Plus, I have no idea if I could cope at Uni, I don't know if I could cope training to be a teacher. I'm no good at public speaking unless I really really try, my confidence and self esteem is so low at the moment and I am terrified it will only get worse with this career in mind.

I don't know if this post make sense but I wanted to try and explain it, and hear what others have to say- especially any teachers themselves!
I don't know if my reasoning for wanted to teach is good enough- I just wish I could do what those teachers did for me- it's giving someone so much, an education, a support system, someone for young people to look up too when they have nobody else.

For me, my school life, from years 7 - before I left in 13, was a safe place to go. I had people watching over me constantly, encouraging, caring and wanting to help me make something of my life. I want to do that.

Thanks if you managed to read this, and even bigger thanks if you respond! flowers

Haggisfish Sat 01-Aug-15 09:01:22

You could do it-you would need to do your a levels and get a degree in psychology. These are very competitive in uk at traditional unis but the open university do a great psychology degree. You'll probably find your confidence improves over the time it takes to do these. You could also volunteer with some teenage stuff like local duke of Edinburgh groups or scouts. Good luck!

Wolfiefan Sat 01-Aug-15 09:07:32

Can you go to a different school? Or talk to one of these teachers with a view to getting back in?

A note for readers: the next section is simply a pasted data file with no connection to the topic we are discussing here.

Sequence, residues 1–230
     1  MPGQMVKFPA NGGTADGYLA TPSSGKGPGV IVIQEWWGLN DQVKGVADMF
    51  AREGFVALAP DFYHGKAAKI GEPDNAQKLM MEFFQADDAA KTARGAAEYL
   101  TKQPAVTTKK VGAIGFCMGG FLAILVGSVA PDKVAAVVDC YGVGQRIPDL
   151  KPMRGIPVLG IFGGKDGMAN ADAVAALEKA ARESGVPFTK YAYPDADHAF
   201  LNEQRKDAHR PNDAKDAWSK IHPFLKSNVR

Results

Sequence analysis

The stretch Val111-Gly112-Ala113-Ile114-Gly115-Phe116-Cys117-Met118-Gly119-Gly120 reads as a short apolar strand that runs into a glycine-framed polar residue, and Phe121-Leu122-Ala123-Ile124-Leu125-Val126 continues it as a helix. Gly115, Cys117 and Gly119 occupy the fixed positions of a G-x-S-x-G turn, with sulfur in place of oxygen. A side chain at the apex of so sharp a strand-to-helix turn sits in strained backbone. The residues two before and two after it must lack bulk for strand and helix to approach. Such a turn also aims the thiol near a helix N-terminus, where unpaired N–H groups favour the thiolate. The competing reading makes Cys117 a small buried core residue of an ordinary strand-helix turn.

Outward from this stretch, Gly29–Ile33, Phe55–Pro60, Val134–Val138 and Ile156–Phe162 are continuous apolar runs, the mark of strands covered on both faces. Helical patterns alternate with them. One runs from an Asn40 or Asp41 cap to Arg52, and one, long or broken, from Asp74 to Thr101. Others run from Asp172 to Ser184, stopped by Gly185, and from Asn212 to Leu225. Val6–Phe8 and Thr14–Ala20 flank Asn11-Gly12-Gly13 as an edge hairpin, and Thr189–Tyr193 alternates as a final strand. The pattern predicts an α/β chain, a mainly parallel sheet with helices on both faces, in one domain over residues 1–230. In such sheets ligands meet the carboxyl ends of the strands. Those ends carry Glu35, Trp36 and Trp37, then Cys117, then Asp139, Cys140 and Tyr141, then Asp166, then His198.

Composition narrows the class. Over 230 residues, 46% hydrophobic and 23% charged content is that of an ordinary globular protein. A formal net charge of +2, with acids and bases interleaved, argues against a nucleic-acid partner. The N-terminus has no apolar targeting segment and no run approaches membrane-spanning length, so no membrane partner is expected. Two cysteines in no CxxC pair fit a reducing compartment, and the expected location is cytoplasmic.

I can highly recommend the uni experience!
You obviously want to support young people but teaching is about much more than that. You will have targets, difficult classes and some students who may well be very difficult to deal with.
Given your history would a counselling or mental health job allow you to support young people more in the way you want?
(I'm saying this as an ex teacher driven out of the profession by depression and anxiety caused by a couple of decades of the job. So hugely biased!)

sanfairyanne Sat 01-Aug-15 09:12:17

maybe think about mentoring? you would be a great volunteer mentor with an understanding of young people and difficulties. i also agree that counselling/psychologist might be a good longer term goal. teaching is a career i wouldnt recommend personally.

birchygoo Sat 01-Aug-15 09:14:17

You have the rest of your life ahead of you to achieve this if you really want to do it! Life is not a race! It's an experience. You can easily do what you want to do in uni in 5 years time, it doesn't have to be imminent. So take your time making this decision. You have the rest of your life to make the correct decision.
You can try some volunteering to see how you get on and if you think you would like it.
Also if it's helping young people you want to do - you could become a youth worker or work in women's aid etc.